Stop playing the ‘Zionist card’

No party can or should claim to be the party of Zionism. It is time for parties to stop playing politics with Zionism and, if they won’t, I hope voters will not be fooled by such tactics.

January 2, 2013 21:26
4 minute read.
Herzl's portrait at Independence Hall

Herzl's portrait at Independence Hall 311. (photo credit: Marc Israel Sellem)


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The word “Zionism” has been thrown around during this election season, with parties claiming to be “true Zionists” or arriving on the scene to “restore Zionism” to Israel. This attempt to woo voters through what is nothing short of a scare tactic should stop.

And, if the candidates in these parties won’t cease, I hope voters will see right through the abuse of this word, which should apply to all people who dedicate their lives to improving Jewish life in the State of Israel.

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I must begin with a confession. As a new immigrant to Israel, I also fell into the trap of the more extreme Right and believed that right-wingers were the “true Zionists” and only they “truly cared about Israel.”

Just two years after arriving, I had the privilege of participating in a meeting with then-public security minister Avi Dichter of Kadima.

After the meeting, I asked him how he, as a person who dedicated his life to the state as the former head of the Israeli Internal Security Agency (known as the “Shin Bet”) and now as a government minister, could serve in a party which was exploring a peace agreement with the Palestinians.

After all, this pursuit included the possibility of evacuating Jewish homes in Judea and Samaria – “isn’t this un-Zionistic?” I asked.

Minister Dichter smiled at me, patted me on the shoulder, and said: “Was no one Zionistic before 1967? What was Zionism before the words ‘Greater Israel’ appeared on the radar screen? It was about making Israel the best country it could be and a ‘light unto the nations.’ That is my focus and by that standard there is no greater Zionist than I. I said the same about my political rivals. We may disagree about the politics, but I would never say they are not Zionists.”

What a critical lesson! Why did I buy into the notion that Zionism meant “a greater Israel?” For the first 18 years of the state no one even dreamt of a “Greater Israel.” Zionism meant building a spectacular country which could be a safe haven for Jews and inspire the world. Even dictionaries got it right! Webster’s dictionary defines “Zionism” as “an international movement originally for the establishment of a Jewish national or religious community in Palestine and later for the support of modern Israel.”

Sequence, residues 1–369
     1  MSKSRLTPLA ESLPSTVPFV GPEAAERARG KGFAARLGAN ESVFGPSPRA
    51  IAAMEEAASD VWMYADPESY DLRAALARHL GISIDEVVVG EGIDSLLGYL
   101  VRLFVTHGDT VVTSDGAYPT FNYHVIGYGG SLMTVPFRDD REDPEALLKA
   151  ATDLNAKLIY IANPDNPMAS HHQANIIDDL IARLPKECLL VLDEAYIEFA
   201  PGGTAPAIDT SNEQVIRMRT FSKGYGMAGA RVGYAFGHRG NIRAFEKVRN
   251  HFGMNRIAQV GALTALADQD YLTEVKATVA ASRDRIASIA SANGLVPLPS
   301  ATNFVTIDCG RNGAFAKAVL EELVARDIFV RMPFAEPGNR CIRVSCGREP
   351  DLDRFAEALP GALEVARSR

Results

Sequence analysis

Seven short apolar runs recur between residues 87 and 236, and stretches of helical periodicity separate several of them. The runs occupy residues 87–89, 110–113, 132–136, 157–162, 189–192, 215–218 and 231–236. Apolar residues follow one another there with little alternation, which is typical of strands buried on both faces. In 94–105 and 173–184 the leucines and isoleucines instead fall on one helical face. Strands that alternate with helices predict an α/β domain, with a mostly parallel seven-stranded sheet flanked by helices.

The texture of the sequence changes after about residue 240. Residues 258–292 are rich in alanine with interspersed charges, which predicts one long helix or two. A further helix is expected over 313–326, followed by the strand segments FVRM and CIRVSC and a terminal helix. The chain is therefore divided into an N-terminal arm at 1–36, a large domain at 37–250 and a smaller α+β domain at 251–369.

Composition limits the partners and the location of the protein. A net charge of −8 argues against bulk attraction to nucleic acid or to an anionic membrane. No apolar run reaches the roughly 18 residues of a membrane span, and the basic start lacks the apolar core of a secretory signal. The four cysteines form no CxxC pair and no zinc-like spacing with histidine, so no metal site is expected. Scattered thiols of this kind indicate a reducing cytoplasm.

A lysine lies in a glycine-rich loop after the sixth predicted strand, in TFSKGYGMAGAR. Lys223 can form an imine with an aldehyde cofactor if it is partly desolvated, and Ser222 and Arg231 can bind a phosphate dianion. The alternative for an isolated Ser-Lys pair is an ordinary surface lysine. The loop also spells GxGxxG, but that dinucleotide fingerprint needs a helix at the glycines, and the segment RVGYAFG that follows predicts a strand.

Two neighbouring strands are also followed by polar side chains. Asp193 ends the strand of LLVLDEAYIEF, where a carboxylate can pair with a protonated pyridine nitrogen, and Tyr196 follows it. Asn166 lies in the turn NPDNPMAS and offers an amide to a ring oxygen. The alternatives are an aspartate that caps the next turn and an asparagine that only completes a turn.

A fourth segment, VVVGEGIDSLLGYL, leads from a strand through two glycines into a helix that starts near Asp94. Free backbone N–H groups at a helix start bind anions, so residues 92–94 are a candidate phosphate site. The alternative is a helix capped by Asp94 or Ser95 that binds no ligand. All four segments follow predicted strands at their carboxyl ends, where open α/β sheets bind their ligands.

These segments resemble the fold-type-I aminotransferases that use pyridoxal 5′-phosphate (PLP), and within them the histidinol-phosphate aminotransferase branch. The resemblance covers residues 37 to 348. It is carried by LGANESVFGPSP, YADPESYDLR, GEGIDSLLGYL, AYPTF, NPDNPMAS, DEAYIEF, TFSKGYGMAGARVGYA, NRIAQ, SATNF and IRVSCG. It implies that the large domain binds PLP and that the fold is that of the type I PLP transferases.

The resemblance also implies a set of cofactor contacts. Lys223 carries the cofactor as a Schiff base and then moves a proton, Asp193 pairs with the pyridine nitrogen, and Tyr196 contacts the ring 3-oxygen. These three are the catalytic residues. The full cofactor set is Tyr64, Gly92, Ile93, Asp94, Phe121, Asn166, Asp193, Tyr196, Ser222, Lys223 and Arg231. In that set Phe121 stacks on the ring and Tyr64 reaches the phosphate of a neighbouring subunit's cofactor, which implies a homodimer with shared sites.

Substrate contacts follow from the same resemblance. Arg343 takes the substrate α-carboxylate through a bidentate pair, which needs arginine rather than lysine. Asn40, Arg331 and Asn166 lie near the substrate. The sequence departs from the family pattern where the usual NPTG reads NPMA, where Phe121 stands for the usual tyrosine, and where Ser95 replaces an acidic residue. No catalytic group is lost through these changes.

The Cambridge dictionary defines it as “a political movement which had as its original aim the creation of a country for Jewish people, and which now works to help the development of Israel.” And that is what it should mean today.

NOW THAT I have become heavily involved in Israeli politics and have met many of the personalities involved, I see how Avi Dichter’s words about himself as a leader were right on the mark. I have met leaders on the far Right of the political spectrum who will not support budging from any land in Israel regardless of the agreement which may be on the table.

While I disagree with them, their motives are certainly Zionistic – not because they display a commitment to the land itself, but because they believe this is best for the State and people of Israel. However, at the same time, I have also met leaders from Left of the political spectrum who want to rush to a peace agreement with the Palestinians. Despite the fact that I disagree with them, I now understand that their motives are also Zionistic and that they are working toward what they believe is the best way to enable the State of Israel to flourish and succeed as a Jewish country.

There is no doubt that the leaders of my party, Yesh Atid, who are in the Center of the political map, are Zionists in every sense of the word. I receive daily inspiration from their dedication to the State of Israel, with most of them having given up very comfortable lives for the far more difficult political world because they want to improve our state.

“Zion” in the Bible refers to Jerusalem. Jerusalem does not sit in the land of any specific tribe and is the spiritual home for Jews from all walks of life. Thus, the very notion of creating polarization by labeling fellow Jews as “non-Zionists” actually runs counter to the very concept of true Zionism. It is time for parties to stop playing politics with Zionism and, if they won’t, I hope voters will not be fooled by such tactics.

Choose a party because you agree with their plans to improve Israel, if your focus relates to the burning internal issues within Israeli society.

If you prefer to vote based on security issues, choose a party because you agree with its approach toward making peace with the Palestinians or with their insistence and devotion to ignoring the Palestinian problem.

But no party can or should claim to be the party of Zionism.

The author is an educator, author and community activist based in Beit Shemesh. He has rabbinic ordination and a masters degree in education. Rabbi Lipman is a candidate for Knesset with the Yesh Atid party.

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